Figure 1: Sample time-frequency analysis of a large seismic event (earthquake). From Hotovec, Prejean, Vidale, Gomberg, in J. of Volcanology and Geothermal Research, V. 259, 2013.
Are existing time-frequency analytical techniques effective in providing robust estimation of physical rock parameters that are important to a successful, economically viable identification of oil and gas resources? Can they accurate measure frequency-dependent energy attenuation, amplitude-versus-offset effects, or other physical phenomena which are a result of rock and fluid properties?
Using both synthetic and real seismic data, the goal is to evaluate the effectiveness of existing time-frequency methods such as Gabor and Stockwell transforms, discrete and continuous wavelet transforms, basis and matching pursuit, autoregressive methods, empirical mode decomposition, and others. Specifically, we would like to determine whether these methods can be utilized to extract rock parameters, and whether there are modifications that can make them particularly effective for seismic data.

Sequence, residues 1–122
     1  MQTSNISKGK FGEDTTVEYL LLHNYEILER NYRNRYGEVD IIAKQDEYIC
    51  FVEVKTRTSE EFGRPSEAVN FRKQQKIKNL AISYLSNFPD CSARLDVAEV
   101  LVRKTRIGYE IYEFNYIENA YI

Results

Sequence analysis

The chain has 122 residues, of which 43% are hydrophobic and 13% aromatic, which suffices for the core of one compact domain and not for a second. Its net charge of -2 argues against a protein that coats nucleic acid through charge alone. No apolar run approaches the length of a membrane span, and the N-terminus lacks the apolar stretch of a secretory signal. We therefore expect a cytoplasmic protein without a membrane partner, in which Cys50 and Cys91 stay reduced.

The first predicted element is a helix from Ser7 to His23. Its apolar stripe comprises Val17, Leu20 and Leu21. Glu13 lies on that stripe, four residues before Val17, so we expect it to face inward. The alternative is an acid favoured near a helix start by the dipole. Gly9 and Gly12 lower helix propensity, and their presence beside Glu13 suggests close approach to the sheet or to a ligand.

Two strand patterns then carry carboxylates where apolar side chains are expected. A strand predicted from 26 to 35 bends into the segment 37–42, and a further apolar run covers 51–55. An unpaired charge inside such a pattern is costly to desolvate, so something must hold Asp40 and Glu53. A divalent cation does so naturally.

The source data will include both land-based seismic surveys as well as subsurface microseismic event recordings, as examples of the breadth of data that is available for realistic analysis.
Figure 2: (a). Seismic data set from a sedimentary basin in Canada. The erosional surface and channels are highlighted by arrows. The same frequency attribute are extract from short time Fourier transform (b), continuous wavelet transform (c) and empirical mode decomposition (d).
The machine learning community has witnessed significant advances recently in the realm of image recognition [1,2]. Advances in computing power – primarily through the use of GPUs – has enabled a resurgence of neural networks with far more layers than was previously possible. For instance, the winning team, GoogLeNet [1,3], at the ImageNet 2014 competition triumphed with a 43.9% mean average precision, while the previous year’s winner, University of Amsterdam, won with 22.6% mean average precision.
Neural networks mimic the neurons in the brain. As in the human brain, multiple layers of computational “neurons” are designed to react to a variety of stimuli. For instance, a typical scheme to construct a neural network could involve building a layer of neurons that detects edges in an image. An additional layer could then be added which would be trained (optimized) to detect larger regions or shapes. The combination of these two layers could then identify and separate different objects present in a photograph. Adding further layers would allow the network to use the shapes to decipher the types of objects recorded in the image.
Goal of this project